Practical Recommendations to Foreign Investors in Ukraine
Ukraine has a reputation of providing one of the most difficult legal and economic environments for FDI currently to be found. The currently changing legal and regulatory environment; the omnipresent state bureaucracy; the weak enforcement mechanism; the intransparency of the privatisation mechanisms; they all provide constant and serious challenges to foreign investors wishing to enter Ukraine, or already operating in Ukraine.
At the same time, Ukraine provides enormous opportunities to any investor – whether institutional, private, or corporate – who brings with him a long-term view, patience, and flexibility. More than any other country in central and eastern Europe, including Russia, Ukraine still provides substantial “first-mover advantages” in practically all sector of the economy. Ukraine is a compact country with a population of 50 million potential consumers. It benefits from its proximity to the EU. It has huge restructuring and investment needs. It has significant material and human resources. It has, to date, enjoyed only minimal foreign investment, and the various market sectors are still wide open to newcomers. If a more benign investment environment could be installed, Ukraine could potentially enjoy above average growth rates for many years to come.
Until the FDI environment in Ukraine has matured, investors will have to rely on their wits in coping with the current state of affairs and make the best of it. We have therefore attempted to give some practical recommendations to investors considering an investment in Ukraine:
1.Involve All Decision-Making Levels
The difficulties in closing on investment transaction in Ukraine may be attributed partly to fragmented decision-making mechanism at the various levels of the Ukrainian Government. This starts from the top level where the executive branch (divided into the Cabinet of Ministers and the President along with his Administration) is frequently at odds with the Parliament, and where Presidential Decrees often contradict existing laws and regulations. There are also additional splits in the decision-making authority between the central level of Government and the various local/regional administrations. Moreover, the numerous governmental agencies are often vested with overlapping authorities and responsibilities. And finally, those agencies are frequently reshuffled leaving little certainty that the adopted decisions are final. In order to steer the typically fragmented decision-making process in the right direction, it is therefore essential to establish good relationships with all the various decision-making levels involved in a transaction and keep in contact with all of them throughout the process. Investors often make the mistake of relying on one level only, in the hope that it will resolve any issues arising at other levels. This is rarely the case.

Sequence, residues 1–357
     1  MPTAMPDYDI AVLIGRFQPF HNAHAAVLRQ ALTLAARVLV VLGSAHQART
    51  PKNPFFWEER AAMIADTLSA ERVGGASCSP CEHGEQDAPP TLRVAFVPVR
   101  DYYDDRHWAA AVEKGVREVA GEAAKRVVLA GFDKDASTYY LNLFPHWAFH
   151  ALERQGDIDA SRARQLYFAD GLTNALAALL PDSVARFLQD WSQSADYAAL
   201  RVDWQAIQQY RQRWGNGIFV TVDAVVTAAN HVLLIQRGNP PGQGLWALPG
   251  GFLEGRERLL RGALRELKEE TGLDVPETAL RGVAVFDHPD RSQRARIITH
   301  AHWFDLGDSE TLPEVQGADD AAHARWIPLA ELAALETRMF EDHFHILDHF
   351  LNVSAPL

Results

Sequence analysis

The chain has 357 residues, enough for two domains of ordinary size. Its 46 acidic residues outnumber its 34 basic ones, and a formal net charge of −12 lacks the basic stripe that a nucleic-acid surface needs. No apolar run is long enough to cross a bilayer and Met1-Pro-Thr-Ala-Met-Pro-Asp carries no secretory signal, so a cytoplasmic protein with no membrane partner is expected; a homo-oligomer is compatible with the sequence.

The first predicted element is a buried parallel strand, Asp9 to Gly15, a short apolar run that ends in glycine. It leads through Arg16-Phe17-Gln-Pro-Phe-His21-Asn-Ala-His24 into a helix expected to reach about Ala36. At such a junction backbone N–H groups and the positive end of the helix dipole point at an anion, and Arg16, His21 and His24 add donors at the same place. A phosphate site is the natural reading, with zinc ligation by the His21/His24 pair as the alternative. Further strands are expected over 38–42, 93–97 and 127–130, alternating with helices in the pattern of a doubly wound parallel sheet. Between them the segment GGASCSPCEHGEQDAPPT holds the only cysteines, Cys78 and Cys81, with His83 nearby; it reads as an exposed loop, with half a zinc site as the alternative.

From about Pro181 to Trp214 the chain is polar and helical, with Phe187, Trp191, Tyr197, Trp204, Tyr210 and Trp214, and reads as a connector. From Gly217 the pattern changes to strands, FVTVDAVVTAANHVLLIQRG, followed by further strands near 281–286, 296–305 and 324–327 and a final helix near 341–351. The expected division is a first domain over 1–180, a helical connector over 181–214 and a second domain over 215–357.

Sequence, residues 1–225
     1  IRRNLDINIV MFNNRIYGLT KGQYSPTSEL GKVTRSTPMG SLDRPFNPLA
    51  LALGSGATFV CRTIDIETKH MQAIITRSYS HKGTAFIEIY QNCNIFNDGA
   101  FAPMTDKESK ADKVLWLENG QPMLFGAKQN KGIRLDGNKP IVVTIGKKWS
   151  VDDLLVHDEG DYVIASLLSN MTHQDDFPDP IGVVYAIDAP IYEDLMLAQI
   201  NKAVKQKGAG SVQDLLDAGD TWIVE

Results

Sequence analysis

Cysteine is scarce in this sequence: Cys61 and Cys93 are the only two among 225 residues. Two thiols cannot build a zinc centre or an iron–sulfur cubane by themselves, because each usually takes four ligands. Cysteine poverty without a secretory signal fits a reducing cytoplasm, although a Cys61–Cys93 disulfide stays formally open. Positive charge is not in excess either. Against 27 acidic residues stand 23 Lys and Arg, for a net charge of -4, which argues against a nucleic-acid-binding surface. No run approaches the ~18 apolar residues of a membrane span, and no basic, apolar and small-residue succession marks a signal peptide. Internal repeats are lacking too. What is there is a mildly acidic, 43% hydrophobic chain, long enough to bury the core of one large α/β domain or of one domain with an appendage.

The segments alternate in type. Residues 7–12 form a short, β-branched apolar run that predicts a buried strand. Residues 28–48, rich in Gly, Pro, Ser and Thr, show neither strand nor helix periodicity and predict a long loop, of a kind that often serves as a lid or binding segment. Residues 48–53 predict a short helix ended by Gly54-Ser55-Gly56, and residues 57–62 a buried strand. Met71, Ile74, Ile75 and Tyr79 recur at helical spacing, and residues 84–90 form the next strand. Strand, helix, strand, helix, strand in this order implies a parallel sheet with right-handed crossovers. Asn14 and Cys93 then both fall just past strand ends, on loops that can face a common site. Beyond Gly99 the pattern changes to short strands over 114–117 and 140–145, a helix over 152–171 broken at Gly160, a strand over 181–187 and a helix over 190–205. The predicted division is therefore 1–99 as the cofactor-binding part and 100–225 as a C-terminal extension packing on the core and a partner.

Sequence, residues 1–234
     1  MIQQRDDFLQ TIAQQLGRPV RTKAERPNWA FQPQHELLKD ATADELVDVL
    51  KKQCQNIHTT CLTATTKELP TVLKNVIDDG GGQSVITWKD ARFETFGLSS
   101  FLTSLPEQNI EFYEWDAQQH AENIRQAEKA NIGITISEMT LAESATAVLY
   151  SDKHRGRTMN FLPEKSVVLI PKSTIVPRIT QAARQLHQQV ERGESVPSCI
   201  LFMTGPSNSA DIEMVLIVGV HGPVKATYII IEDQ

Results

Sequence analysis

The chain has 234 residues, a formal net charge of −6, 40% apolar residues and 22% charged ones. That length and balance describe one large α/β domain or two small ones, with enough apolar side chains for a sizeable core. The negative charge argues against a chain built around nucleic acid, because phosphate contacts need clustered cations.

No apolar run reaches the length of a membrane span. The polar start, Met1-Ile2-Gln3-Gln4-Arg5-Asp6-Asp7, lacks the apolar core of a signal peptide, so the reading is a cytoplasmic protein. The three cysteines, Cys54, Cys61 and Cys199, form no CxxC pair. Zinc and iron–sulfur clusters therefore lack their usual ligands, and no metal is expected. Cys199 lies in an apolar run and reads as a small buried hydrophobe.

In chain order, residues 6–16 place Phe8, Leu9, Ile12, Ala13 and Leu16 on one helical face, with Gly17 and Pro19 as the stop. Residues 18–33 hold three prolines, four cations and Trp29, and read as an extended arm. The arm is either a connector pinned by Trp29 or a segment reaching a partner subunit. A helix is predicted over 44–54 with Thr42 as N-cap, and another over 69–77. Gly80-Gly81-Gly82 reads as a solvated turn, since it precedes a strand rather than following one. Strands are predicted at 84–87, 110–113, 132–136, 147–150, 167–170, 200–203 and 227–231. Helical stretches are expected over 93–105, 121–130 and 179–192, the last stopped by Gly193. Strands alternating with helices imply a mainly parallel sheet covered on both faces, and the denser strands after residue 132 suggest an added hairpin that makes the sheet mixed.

2.Involve Company Management in Privatisation Tenders
Besides involving the various Government levels, potential investors are also advised to come to an understanding with existing management of a Ukrainian target company in advance of any privatisation tender in which the investor may want to participate. Management typically is still in a very strong position in Ukrainian companies. And the better the company’s performance is, the stronger the management feels. The investor will have to invest some time to establish a relationship of trust and he will have to explain what he can do – and equally what he cannot do - for the company in which he wants to invest.
3.Always Perform Professional Due Diligence
Like many other emerging markets, Ukraine suffers from the absence of disclosure rules, inadequacy of the local accounting standards, and prevailing shadow practices. Therefore, due diligence involving reliable legal and audit firms, is a necessary requirement. Due diligence can be a difficult process given that management of the target company (or other stakeholders in a potential deal) can be reluctant to open their real books, which are kept secret from local tax authorities. If an investor wants to invest in a company through an investment tender, he has to get to know the company as soon as possible. Investors should not wait for a tender to be announced in the hope that they will be given enough time to perform due diligence.
4.Consider Choosing a Local Partner
It is often wise to enter into a consortium with a local partner – for example, a local investment or trading group. These obviously need to be screened carefully. However, in an environment where the legal environment is still under development, long–established relationships between individual entrepreneurs, companies, and regional administrations mean so much more. Investors should use established relationships of this kind. Especially “big-name” investors should not assume that they can simply establish operations in Ukraine on the back of their reputation and that all doors will open to them. This would be naпve. Even the biggest names in international business are often not well known outside the main urban centers.